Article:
Time to show who is head and shoulders above the rest?

By Craig Hilton: When I watch the boxers contesting bouts today, I can’t help but think they could do more in the head movement department. The objective in boxing is to punch and not get hit but contemporary training regimes omit to include varied and effective head movement drills.

The advent of the 24/7 and All Access boxing documentaries have allowed fans the opportunity to study the training of professional fighters. Many of the drills involved have the intention of developing head movement but often fail to deliver when the fighters get into the ring.

I’ve observed Robert Guerrero hit the floor-to-ceiling ball, the Floyd Mayweather padwork, Ricky Hatton’s fifteen rounds of the pads and Manny Pacquiao’s speedy shadow boxing. However, it’s my belief that none of this truly develops the head movement necessary to avoid the fastest and most varied of shots.

Sparring is used to sharpen the reflexes and accustom fighters to the ring environment. However, head movement is not encouraged due to the use of padded head guards. The gloves are softer and heavier than those used for professional bouts and therefore sparring cannot truly recreate the fighting experience.

Head movement is improved by slipping fast shots with a trainer, or from repeated use of a slip bag. Some trainers are known to wave implements of choice at their fighter whilst they duck, dodge and slip: a towel or long, thin stick with a glove on the end are often tools of choice.

When I observe the training of fighters with great head movement, I immediately recognise the source of their ability to avoid shots. Mike Tyson, a fighter known for his fantastic head movement, was forever honing this essential skill. When shadow boxing, he would rehearse slipping, ducking and weaving, often without including punches. As a result, his fighting rhythm and ring mobility became naturalised and automated.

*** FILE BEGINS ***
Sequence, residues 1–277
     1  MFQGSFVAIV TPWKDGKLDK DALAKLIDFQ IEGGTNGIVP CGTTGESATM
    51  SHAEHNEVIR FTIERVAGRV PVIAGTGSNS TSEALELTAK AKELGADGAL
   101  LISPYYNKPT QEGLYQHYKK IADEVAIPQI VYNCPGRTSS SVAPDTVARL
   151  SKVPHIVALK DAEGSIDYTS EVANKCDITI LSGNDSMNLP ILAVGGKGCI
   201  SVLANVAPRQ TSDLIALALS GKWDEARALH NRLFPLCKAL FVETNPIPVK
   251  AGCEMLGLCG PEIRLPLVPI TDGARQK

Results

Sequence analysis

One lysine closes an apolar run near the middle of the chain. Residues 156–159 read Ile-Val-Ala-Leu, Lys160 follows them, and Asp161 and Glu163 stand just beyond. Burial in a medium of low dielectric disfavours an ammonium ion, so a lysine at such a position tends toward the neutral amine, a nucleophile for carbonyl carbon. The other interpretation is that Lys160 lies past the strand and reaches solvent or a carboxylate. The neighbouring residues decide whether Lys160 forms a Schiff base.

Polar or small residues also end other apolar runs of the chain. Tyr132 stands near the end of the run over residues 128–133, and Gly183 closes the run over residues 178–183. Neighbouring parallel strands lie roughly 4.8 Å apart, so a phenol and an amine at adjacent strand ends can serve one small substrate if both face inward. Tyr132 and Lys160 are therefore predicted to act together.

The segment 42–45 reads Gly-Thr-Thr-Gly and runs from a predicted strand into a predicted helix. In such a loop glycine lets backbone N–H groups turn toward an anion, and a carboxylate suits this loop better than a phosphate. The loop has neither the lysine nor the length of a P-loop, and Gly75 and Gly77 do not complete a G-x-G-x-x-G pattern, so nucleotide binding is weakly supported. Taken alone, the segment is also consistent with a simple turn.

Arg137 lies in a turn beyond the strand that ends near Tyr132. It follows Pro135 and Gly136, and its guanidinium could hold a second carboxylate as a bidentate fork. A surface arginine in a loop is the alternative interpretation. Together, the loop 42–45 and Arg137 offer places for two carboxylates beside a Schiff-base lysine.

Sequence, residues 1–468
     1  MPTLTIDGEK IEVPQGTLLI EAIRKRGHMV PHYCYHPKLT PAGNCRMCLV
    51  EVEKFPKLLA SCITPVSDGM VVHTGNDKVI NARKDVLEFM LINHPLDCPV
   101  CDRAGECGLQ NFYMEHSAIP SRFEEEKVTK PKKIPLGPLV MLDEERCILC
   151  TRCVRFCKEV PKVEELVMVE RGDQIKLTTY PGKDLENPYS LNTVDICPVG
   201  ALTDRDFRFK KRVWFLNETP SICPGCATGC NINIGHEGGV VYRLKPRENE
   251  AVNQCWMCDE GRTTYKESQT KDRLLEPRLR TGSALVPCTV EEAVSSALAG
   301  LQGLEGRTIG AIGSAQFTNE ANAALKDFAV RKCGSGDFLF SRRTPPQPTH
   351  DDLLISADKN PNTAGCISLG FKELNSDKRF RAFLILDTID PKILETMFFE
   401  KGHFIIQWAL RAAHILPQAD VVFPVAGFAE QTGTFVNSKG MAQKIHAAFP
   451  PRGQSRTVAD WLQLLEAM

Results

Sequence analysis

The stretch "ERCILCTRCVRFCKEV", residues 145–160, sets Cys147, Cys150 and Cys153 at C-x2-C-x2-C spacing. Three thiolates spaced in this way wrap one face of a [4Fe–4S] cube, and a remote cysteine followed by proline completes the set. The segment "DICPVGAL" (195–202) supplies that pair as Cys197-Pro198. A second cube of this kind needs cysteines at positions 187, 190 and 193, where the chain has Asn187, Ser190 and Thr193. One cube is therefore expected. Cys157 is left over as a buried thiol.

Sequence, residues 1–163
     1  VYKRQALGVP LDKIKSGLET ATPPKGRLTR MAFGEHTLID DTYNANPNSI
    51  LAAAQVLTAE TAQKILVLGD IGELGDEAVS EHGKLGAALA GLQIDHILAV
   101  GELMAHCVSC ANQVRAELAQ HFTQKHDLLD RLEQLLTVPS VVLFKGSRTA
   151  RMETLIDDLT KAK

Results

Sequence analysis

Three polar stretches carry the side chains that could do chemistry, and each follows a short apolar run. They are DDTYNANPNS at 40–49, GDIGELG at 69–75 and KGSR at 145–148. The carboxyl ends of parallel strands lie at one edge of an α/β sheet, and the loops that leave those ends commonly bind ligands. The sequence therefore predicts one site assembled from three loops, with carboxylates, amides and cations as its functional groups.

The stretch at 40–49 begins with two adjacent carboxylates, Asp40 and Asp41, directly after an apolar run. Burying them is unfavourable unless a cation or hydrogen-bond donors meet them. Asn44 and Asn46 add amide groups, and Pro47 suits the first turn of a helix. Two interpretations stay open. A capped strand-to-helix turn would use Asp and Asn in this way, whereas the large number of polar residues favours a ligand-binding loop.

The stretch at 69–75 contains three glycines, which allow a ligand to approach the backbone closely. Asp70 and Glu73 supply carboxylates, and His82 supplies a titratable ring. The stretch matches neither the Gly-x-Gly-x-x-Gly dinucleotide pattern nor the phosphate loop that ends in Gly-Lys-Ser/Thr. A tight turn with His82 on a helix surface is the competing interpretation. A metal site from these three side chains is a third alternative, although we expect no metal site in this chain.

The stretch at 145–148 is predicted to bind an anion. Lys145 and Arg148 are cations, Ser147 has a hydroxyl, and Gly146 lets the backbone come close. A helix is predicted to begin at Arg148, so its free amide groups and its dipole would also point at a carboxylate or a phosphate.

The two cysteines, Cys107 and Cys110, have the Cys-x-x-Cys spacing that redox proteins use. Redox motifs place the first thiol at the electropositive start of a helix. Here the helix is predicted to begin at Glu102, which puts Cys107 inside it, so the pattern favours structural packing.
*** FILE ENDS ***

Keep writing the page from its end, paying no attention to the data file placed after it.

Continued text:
Tyson’s fighting movements were observed, tweaked and adjusted by his trainers. They repeatedly threw fast shots at him whilst he slipped rapidly to avoid them. The slip bag was strongly integrated into his training programme. This training was designed to develop Tyson’s timing and reflexes.

It is this fighter’s excellent mobility which is missing from many of our ‘world class’ fighters today. Many of have become so heavily reliant on their natural ability and toughness, that they’ve neglected to improve their ability to avoid shots.

Carl Froch has long boxed behind a far-reaching and thudding jab but was unable to negate the mobility of George Groves. Paulie Malignaggi tagged Adrien Broner frequently with a rapid and accurate fire. Broner plodded forward monotonously behind the Philly Shell defence, devoid of the effective mobility and reflex required to thwart Paulie’s attacks.

Fighters like Tyson could make opponents miss repeatedly. This made them feel weak and vulnerable. After punching nothing but air, they would question their ability, particularly in the early rounds of bouts. Tyson would avoid their shots, waiting like a tiger in the long grass, before unfurling vicious and brutal assaults.

I’ve sparred myself and it’s difficult to transfer training into the ring. However, I believe that with repeated use of head movement drills, our panoply of contemporary fighters can show a more rounded ability to defend and attack.

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